Following Donald Trump’s comments earlier in the week accusing American Jewish voters who support Democrats of “great disloyalty,” and on the same day praising anti-Semite Henry Ford in a tweet, as The Inquisitr reported, Trump was widely accused of anti-Semitism himself for invoking the longstanding accusation of “dual loyalty” made against Jewish people by anti-Semites for centuries.
Trump denied the accusation of anti-Semitism, telling one reporter, as cited in a Twitter video, “it’s only anti-Semitic in your head.”
But one award-winning journalist, who is a senior editor for the leading Israeli newspaper Haaretz, was not buying Trump’s denial that his attacks on “disloyal” American Jews were anti-Semitic. In a blistering op-ed column published by Haaretz Wednesday, Bradley Burston blasted Trump as not merely anti-Semitic, but “the greatest anti-Semite of our age.”
“For years he’s boogalooed and pirouetted around the issue, dog whistling Dixie at every opportunity. This week though, he made it official,” wrote Burston, a former war correspondent who covered the 1991 Gulf War.
Burston went on to say that Trump’s claim that Jews are “disloyal” for not supporting him is Trump’s “test of the Jews.”
In addition to covering multiple wars, Burston received the Eliav-Sartawi Award for Mideast Journalism at the United Nations, according to his Haaretz biography.
The Washington Post on Thursday reported that Trump’s accusations of “disloyalty” against American Jews — 79 percent of whom voted Democratic in the 2018 midterm elections, according to CNN exit polls — are the result of his “frustration” that Jewish voters still largely refuse to support him. However, he has “set about executing a pro-Israel checklist,” including moving the United States Embassy to Jerusalem, recognizing Israel’s annexation of Syria’s Golan Heights, and other policies that align with the wishes of Israeli Prime Minster Benjanim Netanyahu.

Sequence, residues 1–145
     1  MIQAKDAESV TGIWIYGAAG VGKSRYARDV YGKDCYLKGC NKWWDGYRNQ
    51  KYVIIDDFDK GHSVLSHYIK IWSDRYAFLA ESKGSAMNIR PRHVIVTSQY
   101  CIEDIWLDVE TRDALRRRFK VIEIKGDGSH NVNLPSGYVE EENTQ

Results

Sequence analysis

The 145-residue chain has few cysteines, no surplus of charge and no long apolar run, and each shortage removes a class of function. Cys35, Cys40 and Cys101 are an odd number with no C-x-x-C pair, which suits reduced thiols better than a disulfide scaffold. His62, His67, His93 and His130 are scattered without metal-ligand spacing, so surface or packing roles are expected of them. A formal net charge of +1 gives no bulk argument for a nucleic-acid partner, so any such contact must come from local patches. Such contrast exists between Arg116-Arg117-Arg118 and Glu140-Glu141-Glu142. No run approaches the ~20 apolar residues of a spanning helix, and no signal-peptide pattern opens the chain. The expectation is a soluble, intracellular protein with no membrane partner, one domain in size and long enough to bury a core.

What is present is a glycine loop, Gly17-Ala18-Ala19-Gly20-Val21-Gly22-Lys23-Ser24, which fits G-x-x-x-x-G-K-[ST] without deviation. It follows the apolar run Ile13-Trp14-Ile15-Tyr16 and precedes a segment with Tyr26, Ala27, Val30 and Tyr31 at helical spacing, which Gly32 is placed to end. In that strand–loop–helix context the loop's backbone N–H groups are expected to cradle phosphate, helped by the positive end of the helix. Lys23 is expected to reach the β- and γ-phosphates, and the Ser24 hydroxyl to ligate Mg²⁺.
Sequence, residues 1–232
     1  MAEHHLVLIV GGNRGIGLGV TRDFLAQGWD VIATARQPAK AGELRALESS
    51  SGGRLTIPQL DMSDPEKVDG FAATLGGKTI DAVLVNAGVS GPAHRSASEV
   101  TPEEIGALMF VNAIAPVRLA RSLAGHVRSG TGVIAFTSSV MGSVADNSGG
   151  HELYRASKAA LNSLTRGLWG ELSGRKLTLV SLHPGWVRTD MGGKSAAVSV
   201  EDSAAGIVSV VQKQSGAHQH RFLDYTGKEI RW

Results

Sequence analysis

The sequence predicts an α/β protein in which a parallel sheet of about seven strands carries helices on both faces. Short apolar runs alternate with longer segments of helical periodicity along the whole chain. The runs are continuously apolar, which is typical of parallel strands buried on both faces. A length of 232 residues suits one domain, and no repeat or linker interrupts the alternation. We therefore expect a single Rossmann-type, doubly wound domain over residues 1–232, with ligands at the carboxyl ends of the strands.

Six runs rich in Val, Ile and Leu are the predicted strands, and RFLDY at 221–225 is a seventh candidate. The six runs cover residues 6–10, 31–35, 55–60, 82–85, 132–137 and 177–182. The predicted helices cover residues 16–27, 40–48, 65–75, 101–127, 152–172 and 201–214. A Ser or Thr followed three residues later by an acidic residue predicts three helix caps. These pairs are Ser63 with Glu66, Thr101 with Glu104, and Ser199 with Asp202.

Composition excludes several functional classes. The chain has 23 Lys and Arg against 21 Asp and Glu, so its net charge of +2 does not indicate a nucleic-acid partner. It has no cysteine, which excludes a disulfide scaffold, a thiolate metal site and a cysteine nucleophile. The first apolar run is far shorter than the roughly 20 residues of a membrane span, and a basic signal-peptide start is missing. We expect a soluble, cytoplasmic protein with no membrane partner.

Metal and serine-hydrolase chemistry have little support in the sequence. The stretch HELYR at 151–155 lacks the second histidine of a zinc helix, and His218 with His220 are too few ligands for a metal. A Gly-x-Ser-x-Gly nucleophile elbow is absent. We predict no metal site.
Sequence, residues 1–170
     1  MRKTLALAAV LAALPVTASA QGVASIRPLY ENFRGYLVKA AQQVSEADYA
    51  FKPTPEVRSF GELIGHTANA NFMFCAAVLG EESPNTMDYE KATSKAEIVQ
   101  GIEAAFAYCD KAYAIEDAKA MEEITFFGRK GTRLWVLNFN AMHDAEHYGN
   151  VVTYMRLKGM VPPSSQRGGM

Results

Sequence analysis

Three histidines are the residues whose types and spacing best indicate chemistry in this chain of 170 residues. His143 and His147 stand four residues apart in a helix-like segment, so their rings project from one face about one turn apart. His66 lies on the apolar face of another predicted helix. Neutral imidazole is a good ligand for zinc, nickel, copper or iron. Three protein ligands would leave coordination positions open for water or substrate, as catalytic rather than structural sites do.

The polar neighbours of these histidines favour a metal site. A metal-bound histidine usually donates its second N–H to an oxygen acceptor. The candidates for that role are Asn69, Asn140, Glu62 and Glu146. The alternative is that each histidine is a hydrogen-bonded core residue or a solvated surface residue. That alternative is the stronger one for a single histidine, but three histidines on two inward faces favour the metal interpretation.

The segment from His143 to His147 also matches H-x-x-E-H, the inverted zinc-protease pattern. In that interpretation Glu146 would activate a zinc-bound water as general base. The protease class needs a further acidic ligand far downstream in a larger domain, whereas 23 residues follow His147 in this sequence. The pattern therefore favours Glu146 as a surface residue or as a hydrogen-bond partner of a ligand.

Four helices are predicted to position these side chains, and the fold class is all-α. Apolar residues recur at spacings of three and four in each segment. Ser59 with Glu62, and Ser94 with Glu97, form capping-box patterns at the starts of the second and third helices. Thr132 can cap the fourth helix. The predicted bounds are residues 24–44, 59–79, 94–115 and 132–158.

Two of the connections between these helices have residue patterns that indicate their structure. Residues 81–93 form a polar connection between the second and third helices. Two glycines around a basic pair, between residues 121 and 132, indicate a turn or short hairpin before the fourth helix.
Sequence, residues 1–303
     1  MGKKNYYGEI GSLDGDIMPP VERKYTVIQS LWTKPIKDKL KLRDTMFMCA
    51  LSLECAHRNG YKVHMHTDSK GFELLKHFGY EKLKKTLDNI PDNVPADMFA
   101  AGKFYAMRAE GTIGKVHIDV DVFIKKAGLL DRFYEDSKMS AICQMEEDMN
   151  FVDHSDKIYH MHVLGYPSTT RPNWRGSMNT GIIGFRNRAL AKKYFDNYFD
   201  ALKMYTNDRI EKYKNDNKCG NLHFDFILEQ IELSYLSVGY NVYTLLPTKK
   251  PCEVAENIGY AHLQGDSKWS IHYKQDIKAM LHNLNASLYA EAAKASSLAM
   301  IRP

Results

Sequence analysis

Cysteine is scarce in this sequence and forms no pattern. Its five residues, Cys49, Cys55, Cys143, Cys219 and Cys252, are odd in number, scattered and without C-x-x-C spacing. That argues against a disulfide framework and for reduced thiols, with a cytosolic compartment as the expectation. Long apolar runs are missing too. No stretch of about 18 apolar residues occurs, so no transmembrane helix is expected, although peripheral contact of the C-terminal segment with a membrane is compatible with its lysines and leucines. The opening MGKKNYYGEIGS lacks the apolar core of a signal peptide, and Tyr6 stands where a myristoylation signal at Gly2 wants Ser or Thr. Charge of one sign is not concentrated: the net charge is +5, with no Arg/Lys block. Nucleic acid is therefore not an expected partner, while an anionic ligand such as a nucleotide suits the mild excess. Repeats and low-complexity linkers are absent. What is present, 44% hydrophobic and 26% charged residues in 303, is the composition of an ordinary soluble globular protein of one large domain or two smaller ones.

According to the Post, Washington Bureau Chief Phillip Rucker, who cites “people familiar” with Trump’s “thinking,” Trump has grown “flummoxed that Jewish Americans are not in turn lining up to support his reelection.”
As a result, Trump has taken to “lashing out” against American Jews, Rucker wrote.
Burston, however, wrote that Trump’s intended audience for his anti-Semitic remarks is not an audience of Jews. Rather, it is Evangelical Christians, many of whom, as New York Magazine explained, believe in an “end times” scenario that requires the state of Israel to be reestablished in order for the Second Coming of Christ — and with it, the “rapture” in which Christians will be swept into heaven — to take place.
With his accusations of “disloyalty” against Jews who do not support him, Burston wrote, Trump is telling his Christian Evangelical supporters, “You’re better Zionists than the Jews.”